Celebrating Our Shared Humanity: "Kaddish" to Debut in Keene

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On May 3, the voices and lives of those touched by the Holocaust will be transformed into a compelling musical experience in the debut performance of the "Kaddish," a new work by New Hampshire composer Lawrence Siegel.

Commissioned by the Cohen Center for Holocaust Studies at Keene State College, "Kaddish," will be performed for the first time on Saturday May 3, 2008 at 8:00 P.M. at the Redfern Arts Center on Brickyard Pond in Keene, New Hampshire.

The Cohen Center, one of the nation's oldest Holocaust resource centers, commissioned Siegel to create "Kaddish" in honor of the Center's 25th anniversary. A chorus of 50 voices, professional soloists and a chamber orchestra will perform the work at this debut performance.

The word "Kaddish" refers to the traditional Jewish prayer for the dead, recited as part of the mourning rituals at funerals and on the anniversary of the death of a loved one. A Kaddish focuses on the sanctity of life.

The personal nature of "Kaddish" inspires more than just empathy. "It's a unique opportunity to use the power of music to teach about the Holocaust," says Jan Cohen, executive producer of the "Kaddish" Project. "It emphasizes the Jewish principle of 'tikkun olam' ˆ healing, or repairing the world, and expresses our collective responsibility to make the world a better place."

According to Cohen, "Kaddish" is not merely a tribute to the victims of the Holocaust, but about lifting our voices to prevent tragedies like it in the future.

"We're hoping to enlighten people about the genocides that are occurring today," she says. "Genocide is an ongoing global crisis. In places such as Rwanda, Darfur, Congo, Kenya and the former Yugoslavia, communities have been devastated by ethnic violence. The fact that the intentional and systematic destruction of entire cultures continues makes 'Kaddish' relevant to people of all backgrounds."

In his two-year quest to develop this new work of music, composer Lawrence Siegel traveled to sites in Poland and the Czech Republic and met with Holocaust survivors around North America. What has emerged is a celebration of the human spirit through the beauty of song and the power of individual testimony.

The stories that he heard come through the music are the core of "Kaddish." The evening length concert work is a cycle of songs in fifteen movements, each conveying a distinct facet of the survivors' experiences before, during, or after the Holocaust.

Siegel wrote "Kaddish" to include elements of folk music, weaving in themes and melodies suggestive of klezmer and other traditions. "As a musical composition for chorus and chamber ensemble, 'Kaddish' is quite distinctive," he says. "It can bridge cultural, racial and religious boundaries˜to move, awaken, inform, warn, heal, unite and inspires to acceptance of differences."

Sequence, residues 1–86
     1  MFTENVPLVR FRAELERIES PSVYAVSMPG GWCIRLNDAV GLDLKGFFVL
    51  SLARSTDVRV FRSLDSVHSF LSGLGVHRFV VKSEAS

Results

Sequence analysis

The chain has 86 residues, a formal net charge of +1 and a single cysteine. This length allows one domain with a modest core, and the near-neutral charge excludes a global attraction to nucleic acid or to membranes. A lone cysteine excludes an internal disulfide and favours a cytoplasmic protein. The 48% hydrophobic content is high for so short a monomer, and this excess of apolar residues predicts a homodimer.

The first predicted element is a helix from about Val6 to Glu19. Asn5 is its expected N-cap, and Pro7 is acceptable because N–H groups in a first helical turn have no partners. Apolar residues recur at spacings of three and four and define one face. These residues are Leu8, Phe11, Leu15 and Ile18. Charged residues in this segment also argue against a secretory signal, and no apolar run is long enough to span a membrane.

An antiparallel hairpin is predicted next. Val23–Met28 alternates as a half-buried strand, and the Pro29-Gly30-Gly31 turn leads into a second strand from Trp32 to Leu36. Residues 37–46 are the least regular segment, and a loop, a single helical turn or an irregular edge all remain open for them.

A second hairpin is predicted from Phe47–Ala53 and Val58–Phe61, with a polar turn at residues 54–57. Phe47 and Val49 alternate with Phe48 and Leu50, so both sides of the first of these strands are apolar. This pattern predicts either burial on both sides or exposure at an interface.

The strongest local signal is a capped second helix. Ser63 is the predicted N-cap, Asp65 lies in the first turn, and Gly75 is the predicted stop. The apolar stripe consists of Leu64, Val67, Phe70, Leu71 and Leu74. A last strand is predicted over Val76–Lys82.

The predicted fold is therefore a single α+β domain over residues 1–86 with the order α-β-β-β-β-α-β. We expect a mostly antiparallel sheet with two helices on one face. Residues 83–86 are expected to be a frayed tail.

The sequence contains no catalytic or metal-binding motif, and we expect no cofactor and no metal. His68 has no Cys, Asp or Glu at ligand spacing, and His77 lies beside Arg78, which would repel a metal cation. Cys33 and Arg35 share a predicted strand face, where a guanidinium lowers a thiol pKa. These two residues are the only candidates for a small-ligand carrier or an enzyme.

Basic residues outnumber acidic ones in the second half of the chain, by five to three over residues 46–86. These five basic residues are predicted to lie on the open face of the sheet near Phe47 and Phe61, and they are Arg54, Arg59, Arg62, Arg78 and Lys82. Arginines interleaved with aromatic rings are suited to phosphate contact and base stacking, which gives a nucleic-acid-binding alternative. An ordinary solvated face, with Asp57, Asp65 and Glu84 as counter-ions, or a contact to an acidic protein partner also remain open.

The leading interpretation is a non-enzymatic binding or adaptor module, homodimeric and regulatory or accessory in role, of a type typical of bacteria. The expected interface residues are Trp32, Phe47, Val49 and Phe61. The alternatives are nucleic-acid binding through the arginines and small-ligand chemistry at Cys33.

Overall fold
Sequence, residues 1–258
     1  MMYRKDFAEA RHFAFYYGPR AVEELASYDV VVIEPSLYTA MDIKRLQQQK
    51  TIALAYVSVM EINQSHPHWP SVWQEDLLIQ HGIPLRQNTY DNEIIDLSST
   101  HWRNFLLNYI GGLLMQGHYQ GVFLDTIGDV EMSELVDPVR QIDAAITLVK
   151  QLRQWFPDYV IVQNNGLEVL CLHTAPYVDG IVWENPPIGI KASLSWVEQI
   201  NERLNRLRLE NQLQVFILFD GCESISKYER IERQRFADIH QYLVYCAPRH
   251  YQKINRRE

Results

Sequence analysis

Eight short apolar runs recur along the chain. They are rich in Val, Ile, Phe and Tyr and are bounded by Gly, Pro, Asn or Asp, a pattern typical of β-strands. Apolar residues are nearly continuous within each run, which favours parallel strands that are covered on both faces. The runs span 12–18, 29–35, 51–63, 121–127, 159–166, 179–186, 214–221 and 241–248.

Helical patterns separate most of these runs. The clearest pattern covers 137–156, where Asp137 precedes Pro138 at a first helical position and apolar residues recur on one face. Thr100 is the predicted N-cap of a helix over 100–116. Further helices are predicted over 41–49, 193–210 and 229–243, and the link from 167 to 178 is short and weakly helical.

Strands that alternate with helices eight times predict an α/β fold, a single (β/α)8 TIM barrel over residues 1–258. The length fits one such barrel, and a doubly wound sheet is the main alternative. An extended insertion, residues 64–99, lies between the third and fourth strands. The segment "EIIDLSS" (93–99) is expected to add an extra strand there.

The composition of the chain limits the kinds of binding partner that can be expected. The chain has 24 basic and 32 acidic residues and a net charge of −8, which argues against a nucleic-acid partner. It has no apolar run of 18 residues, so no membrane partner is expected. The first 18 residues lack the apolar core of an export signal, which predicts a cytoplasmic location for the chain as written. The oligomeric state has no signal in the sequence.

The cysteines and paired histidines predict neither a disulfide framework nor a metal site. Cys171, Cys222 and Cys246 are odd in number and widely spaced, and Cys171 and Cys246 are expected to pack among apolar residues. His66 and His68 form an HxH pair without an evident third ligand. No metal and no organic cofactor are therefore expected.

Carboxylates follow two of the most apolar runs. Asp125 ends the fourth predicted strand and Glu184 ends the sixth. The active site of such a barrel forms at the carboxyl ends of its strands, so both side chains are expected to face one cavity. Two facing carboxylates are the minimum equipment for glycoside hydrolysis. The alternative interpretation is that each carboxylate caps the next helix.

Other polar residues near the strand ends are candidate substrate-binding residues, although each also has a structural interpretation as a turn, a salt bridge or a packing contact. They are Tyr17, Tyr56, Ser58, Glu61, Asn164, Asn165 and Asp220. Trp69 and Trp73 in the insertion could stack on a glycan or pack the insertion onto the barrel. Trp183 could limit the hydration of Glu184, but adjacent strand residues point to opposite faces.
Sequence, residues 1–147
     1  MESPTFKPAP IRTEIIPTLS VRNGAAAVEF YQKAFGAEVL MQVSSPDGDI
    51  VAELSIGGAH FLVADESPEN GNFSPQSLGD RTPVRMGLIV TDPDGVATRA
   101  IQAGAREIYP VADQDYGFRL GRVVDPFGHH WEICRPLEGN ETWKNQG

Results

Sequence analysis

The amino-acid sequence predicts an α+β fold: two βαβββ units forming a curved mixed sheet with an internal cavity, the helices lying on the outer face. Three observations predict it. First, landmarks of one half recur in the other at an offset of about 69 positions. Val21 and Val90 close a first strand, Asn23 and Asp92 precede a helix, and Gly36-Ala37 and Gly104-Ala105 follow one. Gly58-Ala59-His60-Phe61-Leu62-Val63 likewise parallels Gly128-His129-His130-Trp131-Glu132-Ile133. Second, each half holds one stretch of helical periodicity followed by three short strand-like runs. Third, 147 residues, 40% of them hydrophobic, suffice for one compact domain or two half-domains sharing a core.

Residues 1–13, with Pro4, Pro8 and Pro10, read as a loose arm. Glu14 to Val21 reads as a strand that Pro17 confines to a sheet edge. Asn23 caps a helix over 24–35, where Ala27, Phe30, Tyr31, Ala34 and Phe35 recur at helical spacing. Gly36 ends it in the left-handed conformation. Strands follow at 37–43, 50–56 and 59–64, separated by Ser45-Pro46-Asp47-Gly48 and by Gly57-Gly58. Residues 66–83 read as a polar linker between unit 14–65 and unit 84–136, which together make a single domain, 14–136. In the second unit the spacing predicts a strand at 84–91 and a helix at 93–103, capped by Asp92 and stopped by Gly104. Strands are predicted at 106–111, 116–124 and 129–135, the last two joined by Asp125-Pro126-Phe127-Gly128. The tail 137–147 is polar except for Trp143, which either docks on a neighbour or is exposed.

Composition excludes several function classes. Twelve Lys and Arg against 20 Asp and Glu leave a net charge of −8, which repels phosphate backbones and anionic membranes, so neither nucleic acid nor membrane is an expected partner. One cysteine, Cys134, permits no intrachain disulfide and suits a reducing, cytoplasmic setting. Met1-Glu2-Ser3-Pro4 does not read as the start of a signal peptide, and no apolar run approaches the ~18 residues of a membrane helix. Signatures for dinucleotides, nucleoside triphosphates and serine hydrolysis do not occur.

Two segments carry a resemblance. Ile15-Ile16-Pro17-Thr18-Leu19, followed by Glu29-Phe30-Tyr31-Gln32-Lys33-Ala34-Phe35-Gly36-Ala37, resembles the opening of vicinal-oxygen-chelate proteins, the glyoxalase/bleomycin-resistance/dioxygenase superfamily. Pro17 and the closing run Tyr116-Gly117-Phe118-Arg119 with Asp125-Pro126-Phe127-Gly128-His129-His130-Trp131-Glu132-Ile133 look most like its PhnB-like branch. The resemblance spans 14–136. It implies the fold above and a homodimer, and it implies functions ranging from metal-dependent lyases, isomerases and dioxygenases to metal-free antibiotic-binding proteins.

Siegel is a composer, artist, scholar and performer with a national reputation. As artistic director and founder of Tricinium, Ltd., and director of The Verbatim Project, he has facilitated participatory, interdisciplinary residencies in the creation and performance of original works of music-theater for more than sixteen years. A three-time Fellow at the MacDowell Colony in Peterborough, NH, Siegel's grants and awards include a Continental Harmony grant from the American Composers Forum for the production of Kaddish. He has also received three New Works Grants and an Artist Fellowship in Composition from the New Hampshire State Council on the Arts.

Jan Cohen, an advisory board member of the Cohen Center for Holocaust Studies at Keene State College since 1999, considers this an opportunity to reach new audiences. "'Kaddish' is a reminder of our shared responsibility as humans to respond with empathy and understanding, and to confront intolerance, injustice and hatred," she says. "The 'Kaddish Project' transcends Jewish issues˜going beyond even the Holocaust itself˜to capture the value of remembrance: in recognition of human tragedy, the responsibility to create beauty in the world and celebrate our shared humanity."

The "Kaddish Project" was conceived and launched in partnership with the Cohen Center for Holocaust Studies at Keene State College in Keene, NH. It will go on to make its professional world premiere with the renowned vocal ensemble VocalEssence, under the direction of maestro Philip Brunelle, in Minneapolis, Minnesota on November 15, 2008, as part of the 40th season of VocalEssence. The Minneapolis performance will be dedicated to the memory of Tom Lantos, the only Holocaust survivor ever elected to the U.S. Congress; Raoul Wallenberg, the Swedish diplomat who took action by rescuing Tom, his wife Annette, and many others during the Nazi reign of terror; and Stephen Feinstein, the director of the Center for Holocaust and Genocide Studies at the University of Minnesota.

The American Composers Forum has awarded a Continental Harmony grant to help underwrite the making of Kaddish. It was funded in part by a grant from the New Hampshire State Council on the Arts and the National Endowment for the Arts.

More information may be found at http://www.kaddishproject.org.

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